Again, with HW it is often that simple. And over the years--decades even centuries--it has become almost the "given Word" that it is that simple. But if the repairman encounters relatively extensive (lengths more than two inches) of failed gemming ...especially in the waist...it can be problematic. This is especially true when the shoe has been worn for a while with failed gemming--the shoe will tend to walk out of shape. In such cases...in most case, although it may not be immediately noticeable or problematic...it is always a guess to re-position or replace the gemming. Many shoe repairmen...and I've been there in my early days...confuse the simplicity and straight-forwardness of replacing welt on a HW shoe with replacing welt on a GY shoe...if only because HW is a relative rarity these days.

    So...the answer to your question may depends as much upon the probity and mindfulness of the person replacing the welt as much as any other factor. But, objectively, "yes," there probably is "more to it than that. "
     
    Last edited: Feb 22, 2015
    1 person likes this.
  13. dbhdnhdbh

    dbhdnhdbh Senior member

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    Fascinating. I have at times spent more on repairs of some shoes than it would have cost to replace them. This happened because they were no longer wearable, but I could not bring myself to throw away shoes that could be saved.

    Another reason I don't buy expensive shoes. If I had such possessions, I would not be able to make a business decision to discard them when a repair by an expert shoemaker would extend their lives.

    Glad to know there are people out there who can do the job for those willing to pay.

    Curious as to the start of this recrafting discusison. Why were the shoes recrafted? Was it the welt problem? I go the impression that was noticed at the time, but the original recraft had already been done?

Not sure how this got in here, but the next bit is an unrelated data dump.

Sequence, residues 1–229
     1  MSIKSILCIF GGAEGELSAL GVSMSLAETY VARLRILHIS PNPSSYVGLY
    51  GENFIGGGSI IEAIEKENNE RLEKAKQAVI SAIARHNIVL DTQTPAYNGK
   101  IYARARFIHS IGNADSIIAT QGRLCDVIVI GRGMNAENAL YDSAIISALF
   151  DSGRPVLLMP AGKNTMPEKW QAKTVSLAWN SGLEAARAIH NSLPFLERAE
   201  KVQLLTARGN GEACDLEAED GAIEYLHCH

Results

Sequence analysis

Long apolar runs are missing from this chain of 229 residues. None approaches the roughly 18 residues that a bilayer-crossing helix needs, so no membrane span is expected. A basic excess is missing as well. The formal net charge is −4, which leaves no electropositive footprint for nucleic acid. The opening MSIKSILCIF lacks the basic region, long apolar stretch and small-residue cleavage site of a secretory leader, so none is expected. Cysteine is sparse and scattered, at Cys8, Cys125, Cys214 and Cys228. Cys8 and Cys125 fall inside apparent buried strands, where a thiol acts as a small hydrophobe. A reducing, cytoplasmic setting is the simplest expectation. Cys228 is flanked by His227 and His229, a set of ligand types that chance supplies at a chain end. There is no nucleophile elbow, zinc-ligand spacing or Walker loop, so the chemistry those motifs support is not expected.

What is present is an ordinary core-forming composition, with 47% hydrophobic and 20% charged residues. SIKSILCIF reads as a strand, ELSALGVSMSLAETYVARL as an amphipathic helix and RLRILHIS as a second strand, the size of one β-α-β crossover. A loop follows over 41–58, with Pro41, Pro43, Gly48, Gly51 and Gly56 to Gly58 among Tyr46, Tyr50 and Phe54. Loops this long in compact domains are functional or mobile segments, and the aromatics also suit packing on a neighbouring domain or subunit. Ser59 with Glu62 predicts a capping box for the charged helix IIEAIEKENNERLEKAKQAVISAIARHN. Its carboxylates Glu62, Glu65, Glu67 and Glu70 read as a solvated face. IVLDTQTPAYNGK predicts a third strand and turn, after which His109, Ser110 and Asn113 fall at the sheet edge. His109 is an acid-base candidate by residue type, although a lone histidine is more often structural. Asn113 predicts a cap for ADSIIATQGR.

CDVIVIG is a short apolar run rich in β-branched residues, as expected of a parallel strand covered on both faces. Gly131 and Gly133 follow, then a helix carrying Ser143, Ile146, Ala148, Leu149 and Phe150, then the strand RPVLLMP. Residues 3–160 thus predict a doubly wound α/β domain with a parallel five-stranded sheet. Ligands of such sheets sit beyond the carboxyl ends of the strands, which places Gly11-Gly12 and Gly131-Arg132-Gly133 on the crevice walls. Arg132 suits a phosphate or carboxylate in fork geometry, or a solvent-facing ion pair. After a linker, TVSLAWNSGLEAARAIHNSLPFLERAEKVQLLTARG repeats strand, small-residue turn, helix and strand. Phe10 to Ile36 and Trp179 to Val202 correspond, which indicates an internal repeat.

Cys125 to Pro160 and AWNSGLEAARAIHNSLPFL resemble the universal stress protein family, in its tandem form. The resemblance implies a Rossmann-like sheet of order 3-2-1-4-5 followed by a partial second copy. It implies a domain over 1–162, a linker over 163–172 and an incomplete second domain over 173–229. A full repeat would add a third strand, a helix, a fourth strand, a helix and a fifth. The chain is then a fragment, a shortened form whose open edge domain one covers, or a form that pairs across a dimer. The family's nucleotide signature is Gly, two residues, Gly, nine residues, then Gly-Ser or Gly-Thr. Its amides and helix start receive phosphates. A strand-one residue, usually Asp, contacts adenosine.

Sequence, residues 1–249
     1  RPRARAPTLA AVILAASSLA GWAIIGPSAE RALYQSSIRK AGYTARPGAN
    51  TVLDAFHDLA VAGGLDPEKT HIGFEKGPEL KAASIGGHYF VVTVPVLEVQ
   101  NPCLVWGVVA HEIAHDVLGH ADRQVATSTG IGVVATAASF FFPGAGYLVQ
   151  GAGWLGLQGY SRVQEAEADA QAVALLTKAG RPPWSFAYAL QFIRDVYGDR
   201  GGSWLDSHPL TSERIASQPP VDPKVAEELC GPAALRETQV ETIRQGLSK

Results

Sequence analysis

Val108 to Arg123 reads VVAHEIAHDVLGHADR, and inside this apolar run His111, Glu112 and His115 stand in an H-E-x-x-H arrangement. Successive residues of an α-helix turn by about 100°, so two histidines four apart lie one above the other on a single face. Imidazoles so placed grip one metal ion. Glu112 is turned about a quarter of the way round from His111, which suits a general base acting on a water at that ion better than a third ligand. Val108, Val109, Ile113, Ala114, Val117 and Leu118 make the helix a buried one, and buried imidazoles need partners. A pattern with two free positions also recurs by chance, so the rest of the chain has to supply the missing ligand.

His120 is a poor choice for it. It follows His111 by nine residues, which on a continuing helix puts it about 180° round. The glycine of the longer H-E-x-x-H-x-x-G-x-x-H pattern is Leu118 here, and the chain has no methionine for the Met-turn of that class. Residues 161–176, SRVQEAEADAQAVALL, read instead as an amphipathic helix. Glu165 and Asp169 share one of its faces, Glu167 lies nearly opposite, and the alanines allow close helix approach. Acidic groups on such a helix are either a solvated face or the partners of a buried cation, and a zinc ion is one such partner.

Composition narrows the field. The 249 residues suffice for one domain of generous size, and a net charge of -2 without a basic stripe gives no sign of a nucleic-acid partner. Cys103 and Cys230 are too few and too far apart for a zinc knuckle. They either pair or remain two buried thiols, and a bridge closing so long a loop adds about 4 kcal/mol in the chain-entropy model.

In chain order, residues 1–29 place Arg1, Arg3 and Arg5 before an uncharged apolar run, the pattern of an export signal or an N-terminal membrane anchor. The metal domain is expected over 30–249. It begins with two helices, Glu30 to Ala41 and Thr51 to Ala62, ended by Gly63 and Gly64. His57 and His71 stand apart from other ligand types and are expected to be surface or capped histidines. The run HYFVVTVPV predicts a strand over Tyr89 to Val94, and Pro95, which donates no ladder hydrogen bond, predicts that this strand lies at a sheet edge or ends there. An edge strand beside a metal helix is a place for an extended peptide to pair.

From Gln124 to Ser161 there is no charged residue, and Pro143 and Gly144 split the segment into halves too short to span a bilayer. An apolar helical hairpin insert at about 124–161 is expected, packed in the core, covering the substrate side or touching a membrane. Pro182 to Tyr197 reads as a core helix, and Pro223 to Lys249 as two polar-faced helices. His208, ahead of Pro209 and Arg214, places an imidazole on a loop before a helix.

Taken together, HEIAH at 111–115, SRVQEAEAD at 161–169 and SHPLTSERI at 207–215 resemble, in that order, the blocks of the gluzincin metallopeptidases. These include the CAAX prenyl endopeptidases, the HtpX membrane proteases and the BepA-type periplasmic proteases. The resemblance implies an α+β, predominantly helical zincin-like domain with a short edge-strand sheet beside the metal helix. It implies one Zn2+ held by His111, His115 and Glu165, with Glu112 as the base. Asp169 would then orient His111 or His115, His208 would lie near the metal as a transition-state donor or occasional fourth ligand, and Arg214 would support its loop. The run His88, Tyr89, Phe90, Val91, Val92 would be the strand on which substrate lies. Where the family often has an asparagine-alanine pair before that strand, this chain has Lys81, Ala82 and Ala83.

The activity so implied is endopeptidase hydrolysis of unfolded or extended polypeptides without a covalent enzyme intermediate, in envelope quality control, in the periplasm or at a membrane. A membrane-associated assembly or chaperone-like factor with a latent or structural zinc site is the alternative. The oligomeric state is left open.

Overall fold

14. EnglishShoes

    EnglishShoes Senior member

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    Which is the best Saphir colour for Barker's Rosewood calf shade?

    I have got Cognac and Medium Brown cream and wax. Would these be a good match or do I need a Havana/Mahogony?

    I've ordered these Barker Ewan but they haven't arrived yet so I'm keen to see if anyone has matched a Saphir colour to Rosewood.

    [​IMG]
     
  15. inimitable

    inimitable Senior member

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    Thank you for your reply, I hope the following photos illustrate what I am trying to get at. The welt is definitely dry, I can pick it apart with my nails.

    I should probably have sent them back to the manufacturer for the repair work, but I go through my soles relatively quickly and find it hard to stomach £120 each time.

    [​IMG]
    [​IMG]
    [​IMG]


    Finding a quality cobbler in London seems to be rather difficult. I was quoted £60 to rewelt and £90 for a resole. Total £150 ($230). This is more than sending back to C&J for a full recraft.


    I agree, a quality cobbler should rewelt the shoe, but most here shy away from it (or are unable to do it).
     
  16. DWFII

    DWFII Bespoke Boot and Shoemaker Dubiously Honored

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    I'm not entirely sure what I'm looking at. At first glance I couldn't even believe it was a leather welt. I can't remember ever seeing the worse. Hard to tell what the cause is or even if it would be easy to fix. But what choice do you have?
     
    Last edited: Feb 22, 2015
  17. inimitable

    inimitable Senior member

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    Yes, quite. I think I need to find a new cobbler. Will most likely be sending any other shoes back to the manufacturer where possible. Thanks anyway.
     
  18. DWFII

    DWFII Bespoke Boot and Shoemaker Dubiously Honored

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    You're welcome...
     
  19. FredAstaire1899

    FredAstaire1899 Senior member

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    When a pair of MTO/bespoke shoes are made with contrasting lining, for example, black shoes with scarlet red lining, is the contrasting lining used only in the heel, or in the tongue, laces and forefoot as well? What is the general recommendation such that the contrast lining is not visible when worn?

    Thanks!

    Edit: I am considering the situation for a pair of Oxfords.
     
    Last edited: Feb 23, 2015
  20. DRAGUI99

    DRAGUI99 Well-Known Member

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    Sunday outing [​IMG]

    [​IMG]